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Guest Post By Chuck Ray, Go Wood Blog and Pennsylvania State University

Blogging is not a profession I ever imagined undertaking. I initiated Go Wood in 2010 as a method of sharing “a lighter look at the world of wood, forestry, and renewable energy” with the world as a professor of Forest Policy and an Extension Forester for Pennsylvania State University. Now, 335 posts and 514,359 page views later, I’m starting to get the hang of it.

Here are 14 things I’ve learned about keeping a blog going and the readers coming:

  1. Stay current. Blogging is like exercise…regular application leads to great results, but lags lead to decreased motivation.
  2. Don’t wait for “the perfect blog post” to come to mind. Just start working on whatever’s on your mind, and go with it. Some of my most popular posts were spur-of-the minute jobs.
  3. Blogging is personal, but don’t take it personally. People have different interests. What one reader finds stimulating will turn others off. Don’t let page view statistics (or comments) hurt your feelings. What I consider my best posts consistently have the fewest page views.
  4. Modern readers don’t read. They scan. Therefore, you can write the most eloquent piece of prose, or the most brilliant analysis, but if the topic isn’t directly of interest to the reader, they won’t read it…or they’ll misread it. But for those who do have an interest, they’ll read with a passion and either love or hate. Whichever it happens to be, you’ve fed their emotional and/or intellectual hunger.
  5. Pictures work, and they make any post better. The more pictures (or the better the video), the more page views the post will receive.
  6. Your personal pictures are the best. You have attachment to them, you know their story, and so your post about them will be better than blogging about pictures taken from the internet. Also, you have ownership. Using web pictures does have some risk associated. Understand the risks, especially if your blog has commercial ties.
  7. Add captions to the pictures. What are they saying to you? In ten or fewer words (the fewer the better) share your thoughts on the picture. The best way to communicate humor and pathos is through picture captions.
  8. Know your blog objective. Is your site to be the world’s most detailed source of a very narrow topic? Then stick to that topic, and the more detail the better. But if you want to have a more philosophical blog in a more general sphere, then variety is essential, and detail should be limited.
  9. Limit your personal, public responses to comments. Your post is well considered, and readers take it more seriously than comments. Poorly considered public responses will force your readers to see you as just another face in the crowd, instead of the “author” they have in their imagination. However, personal email replies to individuals are a great way to foster faithful followers.
  10. Make liberal use of hyperlinks to reference your comments and thoughts. Hyperlinks are a great way to increase your scores for the search engines…especially, if you get others linking back to your blog. And, they show that your thoughts are well considered.
  11. Stick to what you know. Even if you grew up in the most boring, suburban neighborhood (like me), your life is filled with stories that others can relate to. Write those stories. Readers recognize and love authenticity, even if the topic is boring. Include your own unusual life experiences.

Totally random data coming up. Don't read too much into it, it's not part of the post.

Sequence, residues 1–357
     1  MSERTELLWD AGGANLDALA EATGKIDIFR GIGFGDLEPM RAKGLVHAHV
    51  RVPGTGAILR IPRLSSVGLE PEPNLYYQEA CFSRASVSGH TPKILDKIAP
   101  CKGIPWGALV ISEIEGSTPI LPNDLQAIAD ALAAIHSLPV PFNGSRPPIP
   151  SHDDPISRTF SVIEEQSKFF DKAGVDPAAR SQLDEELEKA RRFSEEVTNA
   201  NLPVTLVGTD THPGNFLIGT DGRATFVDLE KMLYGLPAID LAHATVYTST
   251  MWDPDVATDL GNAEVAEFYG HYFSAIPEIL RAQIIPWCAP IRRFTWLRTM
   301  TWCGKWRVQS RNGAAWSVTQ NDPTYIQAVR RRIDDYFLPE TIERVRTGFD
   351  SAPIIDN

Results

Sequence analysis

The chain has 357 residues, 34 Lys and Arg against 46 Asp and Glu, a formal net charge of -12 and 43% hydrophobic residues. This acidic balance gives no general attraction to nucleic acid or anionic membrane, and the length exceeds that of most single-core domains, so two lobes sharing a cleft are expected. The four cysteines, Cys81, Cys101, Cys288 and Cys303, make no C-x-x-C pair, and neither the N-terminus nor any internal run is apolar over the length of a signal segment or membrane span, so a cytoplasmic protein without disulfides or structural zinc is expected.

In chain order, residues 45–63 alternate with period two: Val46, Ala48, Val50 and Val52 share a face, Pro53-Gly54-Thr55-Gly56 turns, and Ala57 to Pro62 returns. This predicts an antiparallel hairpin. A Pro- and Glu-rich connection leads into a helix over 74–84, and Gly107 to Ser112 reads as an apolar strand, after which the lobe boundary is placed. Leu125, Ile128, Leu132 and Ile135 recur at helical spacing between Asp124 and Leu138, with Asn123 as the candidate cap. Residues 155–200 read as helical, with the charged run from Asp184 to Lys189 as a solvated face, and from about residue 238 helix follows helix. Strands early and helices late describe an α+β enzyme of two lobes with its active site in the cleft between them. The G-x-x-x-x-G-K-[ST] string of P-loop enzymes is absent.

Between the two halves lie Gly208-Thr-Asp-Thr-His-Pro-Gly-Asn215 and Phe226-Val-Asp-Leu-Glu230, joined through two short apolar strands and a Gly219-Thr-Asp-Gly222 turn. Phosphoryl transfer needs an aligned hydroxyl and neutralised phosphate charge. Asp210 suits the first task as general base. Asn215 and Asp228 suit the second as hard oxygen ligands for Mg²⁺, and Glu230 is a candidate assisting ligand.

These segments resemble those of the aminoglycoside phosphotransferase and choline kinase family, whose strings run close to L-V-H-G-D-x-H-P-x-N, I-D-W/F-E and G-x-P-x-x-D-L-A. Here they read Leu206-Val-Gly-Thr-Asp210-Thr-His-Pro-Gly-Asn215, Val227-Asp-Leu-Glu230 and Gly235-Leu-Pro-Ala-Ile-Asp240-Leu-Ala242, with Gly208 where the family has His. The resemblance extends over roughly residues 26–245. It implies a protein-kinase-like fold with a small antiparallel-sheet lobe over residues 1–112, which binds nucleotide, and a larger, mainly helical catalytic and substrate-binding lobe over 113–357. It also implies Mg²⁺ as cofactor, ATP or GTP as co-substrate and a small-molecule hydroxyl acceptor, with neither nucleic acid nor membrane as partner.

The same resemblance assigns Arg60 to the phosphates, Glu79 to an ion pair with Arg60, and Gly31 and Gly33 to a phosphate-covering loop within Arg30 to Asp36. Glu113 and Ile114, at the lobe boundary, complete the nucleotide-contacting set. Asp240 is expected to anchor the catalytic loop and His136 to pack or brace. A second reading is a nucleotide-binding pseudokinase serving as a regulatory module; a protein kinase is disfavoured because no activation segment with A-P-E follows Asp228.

12. Blogging is an educational opportunity for the blogger, not just the reader. In researching your topics, you’ll be amazed at what can be learned. So, you don’t have to be an expert on a topic to blog about it…you just need to be a good student of the topic. Get it right, and the readers will appreciate it.
  13. Opinion is sweetest in small and subtle doses. Mary Poppins had it right when she sang, “Just a spoonful of sugar helps the medicine go down…” People really want to learn facts, and form their own opinions. They won’t mind hearing yours, if it doesn’t spoil the point for them.
  14. Did I mention to stick to it? Practice makes perfect, haste makes waste, and procrastination makes…well, nothing.

A word about search engine results

Search Engine Optimization is not my forte, but I was curious about how so many people find my blog.

When I Google “wood”, I get 48 pages of results and not even one of the results is a Go Wood web page or blog post. I get many various wood companies, and several pages on how did Natalie Wood really die, and about half of the results are pages on which someone significant is named Wood. But a website that has 335 different wood-related articles… Google couldn’t find it.

If I paid them, that would be a different story. Go Wood would probably appear at the top of the first page of results, and the page view numbers would soar. Fame does have a price, after all.

The way Google appears to direct folks to Go Wood is through more specific key search terms. So, for instance, readers have found us 109 times by typing “firewood” into their browser. And, amazingly, 86 folks have searched for “pallet art”…and wound up in the Go Wood community. But those search results don’t really explain how people wind up on this site…the post entitled “Real Firewood Stacking” is the most popular post on Go Wood, and has been viewed over 18,000 times. And the post entitled “Sign of the Times – Pallet Art” has been viewed over 1,500 times.

My conclusion is that many, many folks are reading Go Wood posts because we’ve generated a loyal following of Go Wood readers and they share favorite posts with friends. That’s what blogging and social media is all about in my mind.